I Am the Bullet

two hands holding a paper map

I am a European-American woman who is making my way through a stack of anti-racism books, but I am no expert. I am just becoming aware of my embodied racial identity. I am predominantly British, Irish, and Norwegian. I cannot yet tell you what those geographical categories say about how I have come to be me. This is work for me to do.

My Norwegian grandmother used to write a newsletter about the happenings of our extended family. She had stacks of old newsletters full of facts that seemed irrelevant to me. I did not care about who had gone to the grocery nor whose chickens were killed by a fox. It was void of heart and relationship narrative. I am a heart-storied woman, and these newsletters seemed like a Navy logbook. As I consider my racial identity today, this biography void of relationship informs me anew.

Ibram Kendi recently released a board book called AntiRacist Baby which I purchased for a friend with an infant. As I flipped through it, I realized, I am an anti-racist baby who needs a university-level education. It is embarrassing and I feel guilty that it is true. The reality of racism needs me to grow up and embody a stand against the horrific harm BIPOC people endure. There is nothing infantile about the work to be engaged.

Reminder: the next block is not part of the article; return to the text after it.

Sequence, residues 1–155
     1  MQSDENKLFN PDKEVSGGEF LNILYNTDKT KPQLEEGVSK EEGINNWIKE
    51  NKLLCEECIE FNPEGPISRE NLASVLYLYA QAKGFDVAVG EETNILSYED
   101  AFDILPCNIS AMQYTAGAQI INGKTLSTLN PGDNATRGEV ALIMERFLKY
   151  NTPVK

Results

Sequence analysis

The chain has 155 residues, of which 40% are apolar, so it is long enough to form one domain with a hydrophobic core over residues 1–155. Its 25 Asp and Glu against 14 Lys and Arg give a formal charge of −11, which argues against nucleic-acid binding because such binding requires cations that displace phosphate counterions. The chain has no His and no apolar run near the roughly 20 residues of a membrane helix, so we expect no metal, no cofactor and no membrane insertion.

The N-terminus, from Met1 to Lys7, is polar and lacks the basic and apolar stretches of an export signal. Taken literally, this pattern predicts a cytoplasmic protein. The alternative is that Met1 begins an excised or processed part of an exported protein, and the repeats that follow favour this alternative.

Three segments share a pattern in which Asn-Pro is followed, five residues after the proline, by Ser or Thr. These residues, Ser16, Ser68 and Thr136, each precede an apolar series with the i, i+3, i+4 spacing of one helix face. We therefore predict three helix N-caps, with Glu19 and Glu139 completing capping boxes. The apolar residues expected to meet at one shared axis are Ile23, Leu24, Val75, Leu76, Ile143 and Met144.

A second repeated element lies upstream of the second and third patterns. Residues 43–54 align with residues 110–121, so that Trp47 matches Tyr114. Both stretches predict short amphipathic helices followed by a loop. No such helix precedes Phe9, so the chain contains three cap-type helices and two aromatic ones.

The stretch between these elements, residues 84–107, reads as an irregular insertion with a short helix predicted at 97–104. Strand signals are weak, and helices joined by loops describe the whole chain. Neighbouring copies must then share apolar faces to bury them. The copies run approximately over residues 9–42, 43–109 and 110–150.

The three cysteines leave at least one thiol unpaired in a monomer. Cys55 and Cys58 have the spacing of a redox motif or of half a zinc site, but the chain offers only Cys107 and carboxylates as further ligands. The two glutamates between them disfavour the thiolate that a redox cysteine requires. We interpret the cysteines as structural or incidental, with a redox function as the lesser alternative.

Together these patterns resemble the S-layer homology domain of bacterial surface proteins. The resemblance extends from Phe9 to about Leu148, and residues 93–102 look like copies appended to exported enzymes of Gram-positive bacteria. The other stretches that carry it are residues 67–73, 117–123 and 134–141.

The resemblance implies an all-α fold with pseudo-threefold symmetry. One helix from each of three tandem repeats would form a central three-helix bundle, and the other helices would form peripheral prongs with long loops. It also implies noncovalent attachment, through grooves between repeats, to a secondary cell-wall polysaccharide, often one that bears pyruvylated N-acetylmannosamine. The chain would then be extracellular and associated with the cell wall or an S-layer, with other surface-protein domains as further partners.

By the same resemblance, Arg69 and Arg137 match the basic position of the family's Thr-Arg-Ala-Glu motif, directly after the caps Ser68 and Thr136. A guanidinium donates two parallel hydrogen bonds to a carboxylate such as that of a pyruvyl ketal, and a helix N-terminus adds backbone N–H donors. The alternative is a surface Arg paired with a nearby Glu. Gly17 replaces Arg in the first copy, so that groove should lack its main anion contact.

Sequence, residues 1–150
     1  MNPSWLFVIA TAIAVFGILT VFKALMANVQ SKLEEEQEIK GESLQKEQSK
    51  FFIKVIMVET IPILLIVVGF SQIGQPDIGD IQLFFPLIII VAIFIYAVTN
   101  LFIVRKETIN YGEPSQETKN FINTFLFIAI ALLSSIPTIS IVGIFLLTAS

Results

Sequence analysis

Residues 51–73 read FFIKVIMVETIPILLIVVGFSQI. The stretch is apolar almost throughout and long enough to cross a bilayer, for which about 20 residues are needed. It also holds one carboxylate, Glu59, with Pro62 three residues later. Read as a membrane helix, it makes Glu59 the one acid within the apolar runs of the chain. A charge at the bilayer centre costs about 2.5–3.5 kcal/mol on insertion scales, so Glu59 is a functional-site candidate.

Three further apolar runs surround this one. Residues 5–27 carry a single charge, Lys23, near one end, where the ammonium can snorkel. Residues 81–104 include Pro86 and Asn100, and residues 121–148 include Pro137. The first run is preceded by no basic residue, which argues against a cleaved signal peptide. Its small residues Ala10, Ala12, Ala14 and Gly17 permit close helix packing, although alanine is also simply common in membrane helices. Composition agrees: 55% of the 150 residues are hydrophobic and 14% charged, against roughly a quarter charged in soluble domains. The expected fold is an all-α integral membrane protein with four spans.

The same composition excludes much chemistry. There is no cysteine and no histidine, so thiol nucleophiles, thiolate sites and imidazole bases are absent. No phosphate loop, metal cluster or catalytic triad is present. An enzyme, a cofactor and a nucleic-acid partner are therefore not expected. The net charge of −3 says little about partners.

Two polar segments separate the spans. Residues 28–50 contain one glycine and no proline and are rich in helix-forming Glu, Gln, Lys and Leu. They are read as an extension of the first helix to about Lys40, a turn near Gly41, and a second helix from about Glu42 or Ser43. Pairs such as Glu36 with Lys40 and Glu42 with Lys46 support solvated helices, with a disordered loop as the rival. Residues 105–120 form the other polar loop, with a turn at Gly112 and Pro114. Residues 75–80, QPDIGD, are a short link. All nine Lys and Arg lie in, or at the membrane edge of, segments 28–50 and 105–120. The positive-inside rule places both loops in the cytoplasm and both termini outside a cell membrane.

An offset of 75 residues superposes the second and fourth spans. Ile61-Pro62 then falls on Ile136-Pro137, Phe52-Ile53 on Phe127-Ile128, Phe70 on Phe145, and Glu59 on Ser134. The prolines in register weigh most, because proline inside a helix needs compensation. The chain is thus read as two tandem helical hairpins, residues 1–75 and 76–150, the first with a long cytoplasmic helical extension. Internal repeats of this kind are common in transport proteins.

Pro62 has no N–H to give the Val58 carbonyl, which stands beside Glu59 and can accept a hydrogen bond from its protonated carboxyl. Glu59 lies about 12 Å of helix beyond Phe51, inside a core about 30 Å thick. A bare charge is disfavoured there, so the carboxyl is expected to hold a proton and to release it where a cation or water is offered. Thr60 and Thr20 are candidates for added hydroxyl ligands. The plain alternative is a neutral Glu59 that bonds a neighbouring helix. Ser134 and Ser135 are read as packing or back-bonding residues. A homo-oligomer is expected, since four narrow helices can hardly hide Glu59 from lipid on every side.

Not long ago, three friends of color mirrored my effect in a conversation. My impact is that I am trying to “be right” in interactions around racism. It hurt to recognize. It does not reflect my heart. I want the people I care about to know that I would stand between them and a bullet.

The problem is, sometimes I am the bullet.

My “infant” status in the reality of racism may cause my BIPOC friends to feel pierced with shards of my ignorance and privilege. It takes a deep breath to confess that is true. I cannot grow faster than I can grasp an awareness of my privilege. My BIPOC friends and colleagues live in a river of racism with a swift current they continually walk against. They have a resilience that I do not as part of the majority culture. They are resolute, valiant, brilliant, and exhausted individuals who belong to a collective I cannot fully know.

Yet I want to.

The work to dismantle racism in myself will be a life-long education that will at times put my face in the dirt. I will stumble upwards again, but I will be sweaty and tired, embarrassed, and sore. Sometimes I will succeed in my effort to love through antiracism, and other times I will fail. I can tell you in anecdotal ways why failing to love is painful to me, but I have not learned why that holds within my racial identity.

Not yet.

It is not possible for me to live in the river with my BIPOC friends, simply because my White face affords me the privilege to jump out at any time. Yet could my journey allow me to stand up-river and break the current of white supremacy structures for a moment?

As Ibram Kendi says in AntiRacist Baby, “Nothing disrupts antiracism more than when we confess the racist ideas we sometimes express.”

Would you join me? Can we determine to disrupt the current with love? Could our verbal and soulful advocacy spill out into our every day lives so that we are allies who continually grow? Will we learn about the makeup of our racial identity? Could we become curious about why we might respond to racism in particular ways because of how our cells have come to be?

Can we learn to be WITH our BIPOC friends, and therefore our BIPOC Jesus?